As you think about the Christian life as a lifelong process of change, what things stand out as the key ingredients for change? Most of us focus on the “means of grace”: Bible study, prayer, fellowship, reading Christian books, the sacraments, service, and witness. God has provided these as means to an end, but they are not the end! All the means of grace are good and necessary for change, but only if they do not become ends in themselves.
The Christian life is not less than these means, but it is much more. Several passages help us think about how wonderful it is to be in union with Christ. In 2 Corinthians 11:1–3, Paul uses the marriage metaphor to talk about being united with Christ. Colossians 1:15–23 gives us a picture of Christ, our Bridegroom. In Colossians 2:1–15, we discover the life-changing benefits Christ brings us by faith.
The Liabilities We Bring to Marriage
When I got married, my wife did not know I had liabilities. I’ll mention only one here! I was a student who had spent several years on staff with a campus ministry before coming to seminary. I was thousands of dollars in debt with no workable plan to pay it off, and I still had two more years of seminary to go. Fortunately for me, my fiancée had worked steadily and saved a good bit of money. The day we said “I do” was a very significant day for many reasons. Among them was the fact that my debt became her debt and her assets became my assets. It was a great financial deal for me, but not for her. This is what happens when we become Christians. Christ assumes our liabilities and graciously gives us his assets. This is God’s amazing grace.
But more happened on our wedding day. Along with this new legal (and financial) arrangement, my wife and I entered into a personal relationship that has grown deeper over the years. We communicate with each other in ways that only two people who have spent decades together can. The same is true of our relationship with Jesus. We not only enjoy legal benefits; we enter into a personal relationship that grows over time as we spend our lives with him.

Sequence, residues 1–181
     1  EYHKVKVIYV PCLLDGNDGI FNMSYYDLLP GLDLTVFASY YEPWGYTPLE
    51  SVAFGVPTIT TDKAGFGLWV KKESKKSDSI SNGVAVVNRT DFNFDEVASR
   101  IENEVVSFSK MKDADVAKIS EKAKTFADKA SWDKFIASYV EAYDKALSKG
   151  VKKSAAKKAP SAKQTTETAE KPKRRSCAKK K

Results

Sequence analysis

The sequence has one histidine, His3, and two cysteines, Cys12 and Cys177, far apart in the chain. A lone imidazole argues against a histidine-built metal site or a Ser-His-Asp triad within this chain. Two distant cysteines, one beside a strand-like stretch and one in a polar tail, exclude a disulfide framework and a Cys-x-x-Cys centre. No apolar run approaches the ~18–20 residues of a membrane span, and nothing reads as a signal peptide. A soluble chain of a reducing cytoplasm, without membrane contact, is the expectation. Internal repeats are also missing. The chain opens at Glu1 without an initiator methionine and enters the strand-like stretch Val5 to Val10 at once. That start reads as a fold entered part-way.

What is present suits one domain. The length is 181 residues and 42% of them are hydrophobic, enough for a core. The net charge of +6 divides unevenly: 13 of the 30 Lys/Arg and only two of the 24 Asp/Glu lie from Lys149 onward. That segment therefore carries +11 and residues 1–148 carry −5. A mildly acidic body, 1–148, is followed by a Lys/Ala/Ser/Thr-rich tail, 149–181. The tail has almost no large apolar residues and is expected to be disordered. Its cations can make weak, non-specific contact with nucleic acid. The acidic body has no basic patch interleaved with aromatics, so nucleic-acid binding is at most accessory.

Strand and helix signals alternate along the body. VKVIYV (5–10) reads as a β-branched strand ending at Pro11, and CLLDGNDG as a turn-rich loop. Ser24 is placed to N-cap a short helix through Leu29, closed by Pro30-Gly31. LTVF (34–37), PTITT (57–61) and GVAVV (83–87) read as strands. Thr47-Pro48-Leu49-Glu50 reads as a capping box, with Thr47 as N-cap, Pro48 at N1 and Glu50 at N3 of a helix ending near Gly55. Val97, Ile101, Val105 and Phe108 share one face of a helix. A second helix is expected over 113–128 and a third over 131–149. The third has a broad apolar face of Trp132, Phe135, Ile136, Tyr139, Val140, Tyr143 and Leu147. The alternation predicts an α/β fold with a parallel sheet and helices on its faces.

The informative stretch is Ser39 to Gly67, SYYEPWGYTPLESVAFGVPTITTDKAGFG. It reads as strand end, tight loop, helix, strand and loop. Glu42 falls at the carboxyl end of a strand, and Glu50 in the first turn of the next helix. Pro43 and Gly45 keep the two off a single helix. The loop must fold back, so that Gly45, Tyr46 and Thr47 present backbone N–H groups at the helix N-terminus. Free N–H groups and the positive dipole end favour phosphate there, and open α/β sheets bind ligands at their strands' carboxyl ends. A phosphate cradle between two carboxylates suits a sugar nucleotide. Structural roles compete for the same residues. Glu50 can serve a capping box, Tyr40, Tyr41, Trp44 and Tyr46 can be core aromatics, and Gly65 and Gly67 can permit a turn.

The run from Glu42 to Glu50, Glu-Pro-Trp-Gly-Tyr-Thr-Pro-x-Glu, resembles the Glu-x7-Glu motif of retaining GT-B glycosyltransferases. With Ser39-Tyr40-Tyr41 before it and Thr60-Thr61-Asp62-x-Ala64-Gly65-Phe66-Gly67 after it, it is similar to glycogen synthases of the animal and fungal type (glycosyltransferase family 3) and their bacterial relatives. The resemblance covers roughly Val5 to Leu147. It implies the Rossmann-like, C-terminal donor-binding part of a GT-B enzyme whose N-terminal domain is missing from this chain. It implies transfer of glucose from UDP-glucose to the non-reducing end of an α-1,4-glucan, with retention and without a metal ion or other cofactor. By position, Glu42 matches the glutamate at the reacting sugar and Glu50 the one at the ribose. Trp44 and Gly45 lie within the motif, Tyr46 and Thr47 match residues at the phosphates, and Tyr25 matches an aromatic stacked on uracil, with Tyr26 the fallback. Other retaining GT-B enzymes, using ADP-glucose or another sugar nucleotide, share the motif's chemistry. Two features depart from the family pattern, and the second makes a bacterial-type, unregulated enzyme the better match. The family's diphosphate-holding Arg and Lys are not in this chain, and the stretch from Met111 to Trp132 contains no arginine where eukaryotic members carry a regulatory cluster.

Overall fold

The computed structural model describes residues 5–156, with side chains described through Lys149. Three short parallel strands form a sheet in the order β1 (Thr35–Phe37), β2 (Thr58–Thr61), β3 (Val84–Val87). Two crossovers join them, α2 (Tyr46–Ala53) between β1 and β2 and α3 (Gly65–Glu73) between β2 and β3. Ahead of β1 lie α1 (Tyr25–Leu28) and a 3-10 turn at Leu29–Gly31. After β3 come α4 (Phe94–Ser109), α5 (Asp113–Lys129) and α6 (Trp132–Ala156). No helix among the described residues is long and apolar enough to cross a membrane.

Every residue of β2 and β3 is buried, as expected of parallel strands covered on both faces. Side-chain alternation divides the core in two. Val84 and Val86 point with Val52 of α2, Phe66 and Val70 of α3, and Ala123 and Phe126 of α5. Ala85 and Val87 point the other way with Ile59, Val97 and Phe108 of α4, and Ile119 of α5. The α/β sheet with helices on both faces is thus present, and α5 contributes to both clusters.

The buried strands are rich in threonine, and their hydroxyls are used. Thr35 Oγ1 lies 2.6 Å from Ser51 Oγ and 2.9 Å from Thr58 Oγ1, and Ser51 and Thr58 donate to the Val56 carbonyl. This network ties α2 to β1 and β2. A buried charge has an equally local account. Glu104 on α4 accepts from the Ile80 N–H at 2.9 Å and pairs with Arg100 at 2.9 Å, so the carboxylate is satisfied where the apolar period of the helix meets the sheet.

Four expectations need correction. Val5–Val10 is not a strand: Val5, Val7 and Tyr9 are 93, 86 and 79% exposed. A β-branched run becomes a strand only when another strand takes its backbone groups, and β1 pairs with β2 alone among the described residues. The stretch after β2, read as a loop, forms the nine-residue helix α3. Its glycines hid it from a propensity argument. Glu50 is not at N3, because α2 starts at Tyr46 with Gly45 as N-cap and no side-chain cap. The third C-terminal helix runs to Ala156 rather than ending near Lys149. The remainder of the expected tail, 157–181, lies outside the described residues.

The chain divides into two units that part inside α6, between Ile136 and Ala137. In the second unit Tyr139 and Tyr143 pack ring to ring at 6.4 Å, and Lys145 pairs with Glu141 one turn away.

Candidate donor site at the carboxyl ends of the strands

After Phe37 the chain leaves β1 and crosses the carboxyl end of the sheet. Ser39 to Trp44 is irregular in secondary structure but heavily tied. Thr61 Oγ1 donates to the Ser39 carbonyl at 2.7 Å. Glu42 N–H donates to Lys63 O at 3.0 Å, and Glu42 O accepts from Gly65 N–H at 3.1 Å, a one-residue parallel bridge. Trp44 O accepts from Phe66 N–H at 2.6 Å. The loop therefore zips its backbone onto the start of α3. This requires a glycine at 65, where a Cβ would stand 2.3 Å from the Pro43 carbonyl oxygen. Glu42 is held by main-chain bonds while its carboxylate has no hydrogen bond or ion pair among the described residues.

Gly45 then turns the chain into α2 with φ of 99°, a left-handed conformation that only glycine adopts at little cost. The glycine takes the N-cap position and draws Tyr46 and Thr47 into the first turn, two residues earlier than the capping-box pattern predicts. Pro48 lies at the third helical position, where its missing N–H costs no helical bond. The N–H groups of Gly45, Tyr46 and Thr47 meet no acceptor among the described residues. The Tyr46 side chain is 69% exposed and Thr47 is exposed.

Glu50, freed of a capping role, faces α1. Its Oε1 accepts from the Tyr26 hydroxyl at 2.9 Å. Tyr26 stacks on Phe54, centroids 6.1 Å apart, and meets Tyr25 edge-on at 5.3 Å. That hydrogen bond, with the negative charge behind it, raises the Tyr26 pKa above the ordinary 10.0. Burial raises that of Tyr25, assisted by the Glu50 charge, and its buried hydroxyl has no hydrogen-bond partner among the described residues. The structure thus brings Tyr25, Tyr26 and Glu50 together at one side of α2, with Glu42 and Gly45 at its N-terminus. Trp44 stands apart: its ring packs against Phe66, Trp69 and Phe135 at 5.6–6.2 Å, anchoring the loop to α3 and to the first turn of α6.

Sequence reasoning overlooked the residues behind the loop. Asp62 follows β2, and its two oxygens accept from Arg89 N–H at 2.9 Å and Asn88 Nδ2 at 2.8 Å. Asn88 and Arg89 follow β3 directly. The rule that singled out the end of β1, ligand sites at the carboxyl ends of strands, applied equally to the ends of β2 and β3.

The Person Who Changes You
According to the Bible, change takes place within a deeply personal relationship that is built on a solid legal foundation. We are gradually conformed to the likeness of the One to whom we are married. As Philippians 1:6 says, “He who began a good work in you will carry it on to completion until the day of Christ Jesus.” That good work begins in relationship to Jesus and is brought to completion within an ever-deepening union with him. This is the most unique aspect of a biblical view of change. It is not less than cognitive change; it is so much more. It is not less than behavioral change; it is so much more. No other secular or religious approach to change comes close to what we find in Scripture. The Bible gives us more than exhortations and rules for change. The great gift Christ gives us is himself!
The metaphor of marriage is used to describe our relationship with God throughout the Old and New Testaments. It rests on the biblical idea of a covenant. A covenant is a relational promise. God binds himself to us. He is our God and we are his people. Ezekiel, in a rather unabashed way, depicts God looking upon Israel as a husband does a wife:
“Later I passed by, and when I looked at you and saw that you were old enough for love, I spread the corner of my garment over you and covered your nakedness. I gave you my solemn oath and entered into a covenant with you,” declares the Sovereign LORD, “and you became mine.”Ezekiel 16:8
Isaiah says, “For your Maker is your husband—the LORD Almighty is his name—the Holy One of Israel is your Redeemer; he is called the God of all the earth” (Isaiah 54:5).
Ephesians uses marriage as a metaphor to depict Christ’s relationship with his people. After talking about human marriage, Paul says, “This is a profound mystery—but I am talking about Christ and the church” (Ephesians 5:32).
While there is a sense in which our marriage to Christ is not yet completed, biblical writers use the marriage metaphor to depict the legal, deeply personal, two-sided nature of the believer’s relationship to God. It is the relationship God initiates and in which we participate.
The Blessings of Our Union with Christ
When my wife and I got married, we did not fully understand what we were getting ourselves into. Yet we took a step of faith based on what we did know. We entrusted our decision to the grace and mercy of God, believing that he would enable us to grow in our marriage. Over time, we have discovered the strengths each of us brought to the marriage. We also discovered each other’s sins and weaknesses.
Our marriage to Christ is different. Christ brings the assets. We bring the liabilities. Yet Christ still joins himself to us!
When couples get married, they sometimes wonder how their new spouse will react when they really get to know each other. Marriage becomes what it is meant to be when your spouse gets to know the real you and loves you anyway! It is the same with our marriage to Christ. We cannot fully appreciate the blessings Christ brings until we see ourselves as we truly are. Then we are amazed at how gracious and merciful Jesus is.
Excerpted adapted from How People Change ©2006, 2008 by Timothy S. Lane and Paul David Tripp. May not be reproduced without prior written permission.
How People Change
What does it take for lasting change to take root in your life? If you’ve ever tried, failed, and wondered what you could do differently, you need to read How People Change. Biblical counseling experts Timothy S. Lane and Paul David Tripp explain the biblical pattern for change in a clear, practical way you can apply to the challenges of daily life.